Natasha Maguder was in the Amazon region of Brazil for Earth's Frontiers. Watch the show on Wednesday, Nov 24, 08.30, 18.30 Saturday, Nov 27, 8.30, 14.00, 20.30 Sunday, Nov 28, 06.30, 18.30 Monday, Nov 29, 04.30 (All GMT)
(CNN) -- Only when flying over the treetops of the Brazilian Amazon was I finally able to comprehend the scale of the forest.
The Amazon rainforest is the biggest in the world. It stretches into nine different countries, and covers over three million square miles.
These trees are important to all of us. They are vital to the world's water system and the generation of oxygen. One fifth of the world's rainfall comes from the Amazon ecosystem.
As we flew over the forests the views from the aeroplane windows began to change. The lush green carpet of trees gave way to cleared areas with what looked like matchsticks, strewn on the ground.
This is the reality of deforestation. I realized that in all the articles I've ever read about deforestation, I've never been able to picture the reality of what it looks like on the ground. And the scale of the damage is unimaginable.
Paulo Adario, Greenpeace's Amazon Director, says 17 percent of the forest has disappeared. According to the World Bank, the tipping point is 20 percent; when a fifth of the trees have disappeared, the ecosystem will become too unbalanced to function as it should.
The consequence of such change to one of the most important environments in the world is "scary", says the World Bank.
It was a shock to touch down on a small airfield near Boca do Acre in South Amazonas. There the trees were replaced by blackened stumps, and cattle grazed on what was once part of the magnificent green vegetation I had witnessed from above.
Brazil has worked hard to manage the forest. New data is expected to confirm that this last year has seen a drop of almost 50 percent in the rate at which deforestation is happening.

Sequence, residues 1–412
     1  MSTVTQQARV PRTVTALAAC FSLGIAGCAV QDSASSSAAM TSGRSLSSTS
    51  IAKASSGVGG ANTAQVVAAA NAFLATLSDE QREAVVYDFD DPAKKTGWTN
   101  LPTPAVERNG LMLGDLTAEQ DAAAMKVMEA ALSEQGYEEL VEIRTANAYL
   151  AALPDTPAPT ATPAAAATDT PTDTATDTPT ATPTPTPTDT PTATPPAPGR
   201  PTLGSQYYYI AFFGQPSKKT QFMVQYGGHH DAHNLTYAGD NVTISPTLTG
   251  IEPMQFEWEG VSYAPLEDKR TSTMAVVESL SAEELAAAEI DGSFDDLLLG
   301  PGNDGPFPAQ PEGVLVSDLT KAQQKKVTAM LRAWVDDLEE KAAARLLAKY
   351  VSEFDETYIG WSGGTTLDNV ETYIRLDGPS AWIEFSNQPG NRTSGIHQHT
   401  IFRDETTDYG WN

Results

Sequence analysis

In fact, Brazil is the best country in the world when it comes to fighting the problem of deforestation.
Senator-elect Eduardo Braga represents Amazonas state. He says the people in his state don't deforest because they're stupid, or even because they're smart. He says they do it to survive.
Braga attributes the positive data to better relationships with the forest people, as well as improved satellite technology. Regular scans of the forest show changes to groundcover, and highlight where new damage is happening. This allows the authorities to clamp down on illegal activity sooner.
Paulo Adario has other ideas about the recent slow down.
Food is big business and it is the recent dip in the profitability of food production has slowed the rate of deforestation, says Adario, not only the improved environment policing.
Adario showed me the charred trunk of a Brazil nut tree, an icon of the Amazon. Growing at its base was a corn stalk. A tree like this takes 400 years to grow, he says. And it's being forcibly removed, for the sake of corn, which takes just four months to grow.
Brazil is one of the key countries in favor of the UN's Reducing Emissions from Deforestation and Forest Degradation scheme (REDD), which pays people to look after the rainforest, and teaches the economic importance, says Eduardo Braga.
The COP16 UN Climate Change Conference takes place in Mexico next month, but the wranglings of global governments felt a long way away from Boca do Acre.
Brazilian NGOs and the government are united in their desire to protect the trees. They are pushing for zero deforestation; the rate at which trees are disappearing to slow to a complete stop.
Whether that is attainable remains to be seen.